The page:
Our politicians can no longer get anything right. But at least they’re going to get something a third right, if Justice Secretary Liz ‘Elizabeth’ Truss is to be believed.
The good third is that Miss Truss has confirmed HMG’s intention to scrap the Human Rights Act imposed by the EU and gratefully received by Tony ‘Anthony’ Blair.
The two bad thirds are, first, that Britain will remain under the aegis of the European Court of Human Rights (ECHR) and, second, that the Act will be replaced by a British Bill of Rights.
The rights of Englishmen is a notion predating the ECHR by some 800 years, and in the intervening period the concept has grown in both scope and depth. There have been glitches here and there, but on the whole Britain has done rather well in that respect, and manifestly better than any other country in Europe.
Our constitution is arguably the best and certainly the longest-lasting the world has ever seen. And as Lucius Cary said almost 400 years ago, “If it is not necessary to change, it is necessary not to change.”
I’m not convinced that Liz ‘Elizabeth’ adequately understands the constitutional issues involved, and how they differ from continental practices. After all, she’s a young woman with no legal background who has expressed republican sympathies in the past, when she was President of Oxford University LibDems (a perfect CV for a Tory minister).
To be fair, even many mature men with none of those drawbacks also have problems getting their heads around our constitution. These are exacerbated by Britain’s membership in the EU and concomitant exposure to continental legal principles, which are diametrically opposite to ours.
For example, the French will tell you that they have the rule of law, but that’s not exactly true. What they have is the rule of lawyers.
Unlike English Common Law, based on precedents accumulated over centuries, the French practise positive law, one imposed by government. The two legal systems are vectored in the opposite directions: from bottom to top in Britain, from top to bottom in France.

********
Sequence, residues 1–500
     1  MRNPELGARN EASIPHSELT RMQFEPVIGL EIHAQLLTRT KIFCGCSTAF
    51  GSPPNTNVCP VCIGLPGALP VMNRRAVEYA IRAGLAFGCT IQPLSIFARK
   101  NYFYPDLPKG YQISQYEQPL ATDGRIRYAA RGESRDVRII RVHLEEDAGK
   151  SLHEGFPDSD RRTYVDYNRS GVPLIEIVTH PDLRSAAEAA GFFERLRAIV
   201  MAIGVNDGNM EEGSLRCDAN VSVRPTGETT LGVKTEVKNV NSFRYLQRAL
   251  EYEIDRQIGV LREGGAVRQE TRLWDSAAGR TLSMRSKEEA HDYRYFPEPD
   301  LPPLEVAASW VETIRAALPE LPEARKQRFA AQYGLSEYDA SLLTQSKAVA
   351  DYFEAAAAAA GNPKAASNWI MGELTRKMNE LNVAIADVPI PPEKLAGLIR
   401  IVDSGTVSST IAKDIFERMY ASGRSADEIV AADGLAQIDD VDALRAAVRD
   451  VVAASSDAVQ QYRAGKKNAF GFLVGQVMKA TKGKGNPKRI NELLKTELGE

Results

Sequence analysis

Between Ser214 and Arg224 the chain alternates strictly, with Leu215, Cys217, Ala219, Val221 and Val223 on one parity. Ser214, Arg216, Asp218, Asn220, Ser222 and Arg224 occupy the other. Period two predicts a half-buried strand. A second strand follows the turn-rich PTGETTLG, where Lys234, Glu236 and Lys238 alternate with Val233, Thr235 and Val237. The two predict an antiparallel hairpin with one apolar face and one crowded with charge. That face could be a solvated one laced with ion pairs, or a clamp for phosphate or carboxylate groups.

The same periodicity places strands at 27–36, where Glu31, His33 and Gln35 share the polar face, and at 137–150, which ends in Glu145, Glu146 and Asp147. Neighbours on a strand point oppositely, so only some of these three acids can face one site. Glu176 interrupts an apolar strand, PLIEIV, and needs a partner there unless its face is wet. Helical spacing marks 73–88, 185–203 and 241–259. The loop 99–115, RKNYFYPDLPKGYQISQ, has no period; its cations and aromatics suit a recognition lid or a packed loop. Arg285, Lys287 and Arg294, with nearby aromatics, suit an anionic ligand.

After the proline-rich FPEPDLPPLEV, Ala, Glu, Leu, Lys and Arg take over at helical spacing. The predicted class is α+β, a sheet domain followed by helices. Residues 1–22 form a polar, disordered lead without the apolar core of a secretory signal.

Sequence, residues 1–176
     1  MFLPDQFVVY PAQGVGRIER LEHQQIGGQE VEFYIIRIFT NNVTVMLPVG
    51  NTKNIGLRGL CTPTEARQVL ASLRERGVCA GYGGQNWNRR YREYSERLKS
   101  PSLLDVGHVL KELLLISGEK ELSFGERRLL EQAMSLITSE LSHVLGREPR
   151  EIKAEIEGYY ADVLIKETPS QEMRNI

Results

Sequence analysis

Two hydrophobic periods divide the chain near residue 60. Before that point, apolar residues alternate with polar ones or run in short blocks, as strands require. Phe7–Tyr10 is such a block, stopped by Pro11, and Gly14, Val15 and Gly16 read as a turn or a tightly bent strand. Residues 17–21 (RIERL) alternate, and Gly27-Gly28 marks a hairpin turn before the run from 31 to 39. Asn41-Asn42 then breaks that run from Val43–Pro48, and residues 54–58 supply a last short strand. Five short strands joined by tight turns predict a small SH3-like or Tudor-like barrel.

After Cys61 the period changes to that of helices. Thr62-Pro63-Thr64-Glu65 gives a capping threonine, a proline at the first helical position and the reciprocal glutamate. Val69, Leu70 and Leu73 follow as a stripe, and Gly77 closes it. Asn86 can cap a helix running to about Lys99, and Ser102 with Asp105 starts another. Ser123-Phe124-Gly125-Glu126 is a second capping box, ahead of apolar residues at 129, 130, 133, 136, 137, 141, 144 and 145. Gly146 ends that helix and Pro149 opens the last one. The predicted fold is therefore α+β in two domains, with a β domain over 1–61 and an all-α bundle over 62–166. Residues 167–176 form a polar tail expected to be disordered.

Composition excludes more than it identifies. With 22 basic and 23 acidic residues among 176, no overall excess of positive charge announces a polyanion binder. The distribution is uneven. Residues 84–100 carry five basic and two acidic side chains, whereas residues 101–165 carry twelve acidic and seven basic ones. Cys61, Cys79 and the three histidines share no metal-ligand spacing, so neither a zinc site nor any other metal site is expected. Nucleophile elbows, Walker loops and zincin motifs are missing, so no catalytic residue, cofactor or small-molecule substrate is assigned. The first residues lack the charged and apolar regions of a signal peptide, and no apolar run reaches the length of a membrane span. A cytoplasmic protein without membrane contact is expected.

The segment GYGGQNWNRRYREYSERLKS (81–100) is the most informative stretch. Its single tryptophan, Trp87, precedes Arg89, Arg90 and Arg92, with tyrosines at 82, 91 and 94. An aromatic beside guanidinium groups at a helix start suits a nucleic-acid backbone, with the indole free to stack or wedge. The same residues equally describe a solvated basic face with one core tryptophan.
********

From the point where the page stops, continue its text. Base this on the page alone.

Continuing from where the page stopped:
However, under the organic governments of Christendom French kings ruled by divine right and didn’t need much legislative activism. The need only arose with the advent of perverse politics inspired by the Masonic slogan of liberté, egalité, fraternité.
Lacking an organic claim to legitimacy, the revolutionary government – and all its kaleidoscopically changing successors – flooded the population with a deluge of laws.
All in all, since 1789 France has had 17 different constitutions (to be fair, the latest one goes back 58 years). As to the number of different laws spawned by those constitutions, one would need a mainframe computer to count them. Most of these laws come from the fecund minds of avocats who bang their clever heads together to devise legislation supposed to hasten the arrival of paradise on earth, but somehow always failing to do so.
Positive law has one negative social effect: it divides people into ‘us’, those who are supposed to obey the laws, and ‘them’, the powers represented by the clever lawyers sitting on the Conseil d’Etat and similar bodies.
By contrast, English Common Law has over centuries built a solid capital of justice, accepted as such by all. We’re living off the interest on that capital, rapidly frittering it away. But at least there’s some left, and we must both give thanks and remain vigilant.
Thus we have no need for the ECHR or any other European guarantors of the rights of Englishmen. The European Court of Human Rights is no more synonymous with human rights than the European Union is with Europe. Moreover, some members of that august body (Russia springs to mind) don’t seem to be overly constrained by its legal notions.
The ECHR is good at issuing variously inane laws, but its means of enforcement are somewhat lacking. If a law can’t possibly be enforced, it’s not a law but an ideological statement. As such, it will be heeded only by those who share the same ideology, which most Englishmen don’t.
Much the same logic can be applied to criticism of a British Bill of Rights. Though such a constitutional document wouldn’t be issued by continentals, it would be inspired by the spirit of positive law, which has a distinctly continental flavour.
Anyway, we already have one Bill of Rights, passed in 1689 as a result of the Dutch occupation known as the Glorious Revolution. Having another one would be tantamount to a tacit admission that there was something wrong with the first Bill. Indeed there was, plenty, and England has never been the same thereafter.
But at least it could be argued then that the Glorious Revolution represented such a tectonic constitutional shift that its legal aspects had to be summed up in a written document. Nothing like that is happening now – in fact Britain has made the first step towards reclaiming her ancient constitution, freeing it from the yoke of European legalism.
Therefore a new Bill of Rights will be redundant, which means it’ll do more harm than good. Lucius Cary, 2nd Viscount Falkland, must be spinning in his grave.